Talent in Taiwan is not in short supply either, as many of the current and regular band leaders and members of quartets and trios have resumes that include study abroad at highly regarded music schools such as Berklee College of Music in Boston. Shawna Yang, a professional saxophone musician, mentor and instructor, can be heard playing a variety of styles—varying from traditional to bebop—as she leads her quartet "Meta"(short for metamorphosis) every Friday night at the Blue Note Taipei. Ms. Yang received a full scholarship at Berklee in Boston (2000-03'), majoring in performance (with the tenor saxophone as her principle instrument), while also taking additional coursework in jazz improvisation. Yang was also very active on stage during this time, performing in several jazz ensemble bands at Berklee. She currently teaches a Big Band club at the National Taiwanese University, mentors jazz studies students and teaches additional classes at area universities. On the night I saw her, Yang took her quartet confidently through compositions by John Coltrane, Thelonious Monk and Stan Getz, amongst other selections, with full solo-commanding artistry of her own on saxophone and flute.

Ms. Yang has released several CD's as well, with her most recent Simple Life(AsiaMuse Entertainment, 2015) , recorded in New York, winning "Best Instrumental Album" at the 2016 Gold Melody Awards in Taiwan (Taiwan's version of the Grammy Awards).

Michael Wang, originally from California, and another Berklee College of Music graduate, recording jazz trombonist and band leader, is performing with his quartet the first Sunday of every month at the Blue Note Taipei. A self-proclaimed refugee from the United States due to Covid restrictions, he returned to Taiwan as live performances are available here for musicians due to the government's successful control of Covid, allowing for social gatherings that include concert and club venues (with mask requirements for all events). Recipient of the Presidential Scholarship, Mr. Wang was a member of the innovative Berklee Global Jazz Institute in Boston from 2013-2016, and studied under the director, founder, and renowned jazz pianist and composer, Danilo Pérez.

Wang's debut album Bone of Wang, Volume One (Next Level, 2020) is mostly original compositions that carry forward a variety of jazz influences from New York-based trombonist, singer, arranger and bandleader Frank Lacy, and legendary bassist, composer and arranger Charles Mingus. Wang also played under band leader Lacy and the Mingus Big Band as well as other gigs in Greenwich Village during this period. As with all Taiwanese jazz musicians I've met, there is a desire to give-back to students of jazz locally. Wang is planning on staying in Taiwan for the near future, helping influence the next generation of jazz musicians, "I am thinking of staying here in Taiwan to help the jazz scene grow, and be a mentor to many up-and-coming jazz musicians who are here now."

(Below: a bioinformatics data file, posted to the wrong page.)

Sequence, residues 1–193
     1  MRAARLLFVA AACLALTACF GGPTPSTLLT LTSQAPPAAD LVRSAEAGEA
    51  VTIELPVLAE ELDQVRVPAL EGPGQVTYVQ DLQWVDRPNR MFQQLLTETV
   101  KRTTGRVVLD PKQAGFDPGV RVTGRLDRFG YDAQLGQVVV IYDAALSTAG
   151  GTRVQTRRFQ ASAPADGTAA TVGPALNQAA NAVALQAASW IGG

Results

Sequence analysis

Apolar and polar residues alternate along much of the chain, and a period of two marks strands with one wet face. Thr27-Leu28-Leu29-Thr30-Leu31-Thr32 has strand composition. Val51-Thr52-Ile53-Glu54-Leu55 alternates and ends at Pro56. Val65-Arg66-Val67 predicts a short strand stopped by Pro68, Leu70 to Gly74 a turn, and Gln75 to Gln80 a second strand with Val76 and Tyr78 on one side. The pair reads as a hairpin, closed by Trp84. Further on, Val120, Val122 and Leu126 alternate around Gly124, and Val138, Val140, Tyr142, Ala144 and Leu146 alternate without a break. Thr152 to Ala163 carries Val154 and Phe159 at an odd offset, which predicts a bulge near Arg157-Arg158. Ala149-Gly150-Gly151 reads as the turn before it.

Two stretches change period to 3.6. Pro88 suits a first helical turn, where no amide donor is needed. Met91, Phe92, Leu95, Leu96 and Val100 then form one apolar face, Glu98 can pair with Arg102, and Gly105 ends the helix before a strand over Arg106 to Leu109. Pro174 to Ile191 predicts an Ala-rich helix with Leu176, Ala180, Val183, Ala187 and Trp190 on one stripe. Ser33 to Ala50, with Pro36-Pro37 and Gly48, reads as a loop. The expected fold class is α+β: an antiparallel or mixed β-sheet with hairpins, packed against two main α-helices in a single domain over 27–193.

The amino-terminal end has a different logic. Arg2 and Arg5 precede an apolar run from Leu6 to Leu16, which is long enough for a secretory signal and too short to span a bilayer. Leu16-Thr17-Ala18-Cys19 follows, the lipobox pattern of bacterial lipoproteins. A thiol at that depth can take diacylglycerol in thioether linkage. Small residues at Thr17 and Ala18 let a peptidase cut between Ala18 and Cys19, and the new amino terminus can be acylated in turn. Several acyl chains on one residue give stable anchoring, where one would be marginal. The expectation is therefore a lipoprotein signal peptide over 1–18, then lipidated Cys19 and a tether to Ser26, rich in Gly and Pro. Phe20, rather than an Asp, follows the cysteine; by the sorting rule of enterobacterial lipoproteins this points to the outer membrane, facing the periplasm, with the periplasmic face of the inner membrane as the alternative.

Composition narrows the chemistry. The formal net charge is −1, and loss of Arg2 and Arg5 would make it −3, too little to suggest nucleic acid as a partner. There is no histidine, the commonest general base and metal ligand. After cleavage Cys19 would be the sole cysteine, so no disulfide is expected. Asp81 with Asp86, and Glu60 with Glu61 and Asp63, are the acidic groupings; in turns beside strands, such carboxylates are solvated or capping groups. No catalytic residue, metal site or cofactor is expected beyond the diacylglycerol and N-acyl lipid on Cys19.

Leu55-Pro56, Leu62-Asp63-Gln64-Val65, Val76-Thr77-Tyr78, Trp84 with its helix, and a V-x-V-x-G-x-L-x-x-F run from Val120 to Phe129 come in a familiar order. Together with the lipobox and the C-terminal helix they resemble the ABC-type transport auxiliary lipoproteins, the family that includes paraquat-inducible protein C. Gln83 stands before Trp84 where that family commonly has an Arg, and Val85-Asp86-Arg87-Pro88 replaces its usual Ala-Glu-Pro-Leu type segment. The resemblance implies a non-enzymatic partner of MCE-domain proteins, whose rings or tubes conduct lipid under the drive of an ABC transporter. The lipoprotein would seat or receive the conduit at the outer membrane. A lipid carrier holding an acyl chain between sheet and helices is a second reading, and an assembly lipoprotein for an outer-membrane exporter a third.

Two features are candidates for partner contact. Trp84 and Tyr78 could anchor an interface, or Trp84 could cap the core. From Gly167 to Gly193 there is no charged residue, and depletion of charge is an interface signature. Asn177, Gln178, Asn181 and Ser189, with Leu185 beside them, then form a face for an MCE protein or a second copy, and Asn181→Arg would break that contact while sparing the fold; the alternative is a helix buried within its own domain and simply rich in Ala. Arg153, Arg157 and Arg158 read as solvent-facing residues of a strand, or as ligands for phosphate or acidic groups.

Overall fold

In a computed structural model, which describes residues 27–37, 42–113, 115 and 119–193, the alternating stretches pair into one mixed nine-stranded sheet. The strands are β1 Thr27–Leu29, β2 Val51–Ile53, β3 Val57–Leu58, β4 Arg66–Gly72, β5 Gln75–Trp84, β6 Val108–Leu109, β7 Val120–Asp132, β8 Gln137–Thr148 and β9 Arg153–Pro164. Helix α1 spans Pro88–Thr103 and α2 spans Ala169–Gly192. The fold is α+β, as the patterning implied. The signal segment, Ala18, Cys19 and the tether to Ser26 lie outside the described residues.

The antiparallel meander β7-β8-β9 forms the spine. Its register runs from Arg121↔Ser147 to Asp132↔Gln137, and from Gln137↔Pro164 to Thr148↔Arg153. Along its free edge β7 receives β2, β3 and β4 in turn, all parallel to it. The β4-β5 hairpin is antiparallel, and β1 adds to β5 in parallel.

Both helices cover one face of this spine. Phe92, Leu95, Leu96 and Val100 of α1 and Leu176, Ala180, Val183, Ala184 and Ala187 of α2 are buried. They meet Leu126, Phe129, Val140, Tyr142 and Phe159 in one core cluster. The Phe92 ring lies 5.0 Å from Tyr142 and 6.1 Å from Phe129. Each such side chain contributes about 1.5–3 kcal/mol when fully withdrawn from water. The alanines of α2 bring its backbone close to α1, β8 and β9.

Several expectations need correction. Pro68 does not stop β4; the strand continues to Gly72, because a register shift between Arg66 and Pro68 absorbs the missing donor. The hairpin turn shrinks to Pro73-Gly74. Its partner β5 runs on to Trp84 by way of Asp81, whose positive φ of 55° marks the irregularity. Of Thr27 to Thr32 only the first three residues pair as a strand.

Outside of Taiwan there is a steady draw for jazz musician's booking at the Blue Note Taipei and other small jazz clubs in Taiwan. Co-manager Carter is mostly responsible for booking talent and shares that jazz musicians from Japan, South Korea, China and Thailand come to find this small jazz club by reputation and the unique culture of Taiwan. Regarding international promotion, Carter explains, many performers search her out through the internet and it helps that she speaks a common language: English.

Like all jazz musicians around the world, you play because you are committed, passionate and want to explore and share with a wider audience. Monetarily, Taiwanese jazz musicians are faced with the same universal challenges of needing work outside of the performing stage, to maintain a living. Many teach at the university level, mentor through private tutoring, perform as side musicians for recording studios and, in some cases, perform and record with top pop and contemporary artists.

Even with the innate challenges of making a living in the jazz world, Blue Note Taipei owner A-zhe points out that jazz, overall, "is healthy in Taiwan, and will get even better." He cites that Taiwanese university curriculum has been rapidly expanding, offering jazz study and performance programs that didn't exist 5-10 years ago and that ultimately "it is the youth" that will continue growing a wider jazz audience. In no small way it is also the dedicated, hardworking, passionate ambassadors to jazz like A-zhe and Carter, who do the "heavy lifting" behind the scenes at the Blue Note Taipei, seven days a week, that makes jazz a wider world.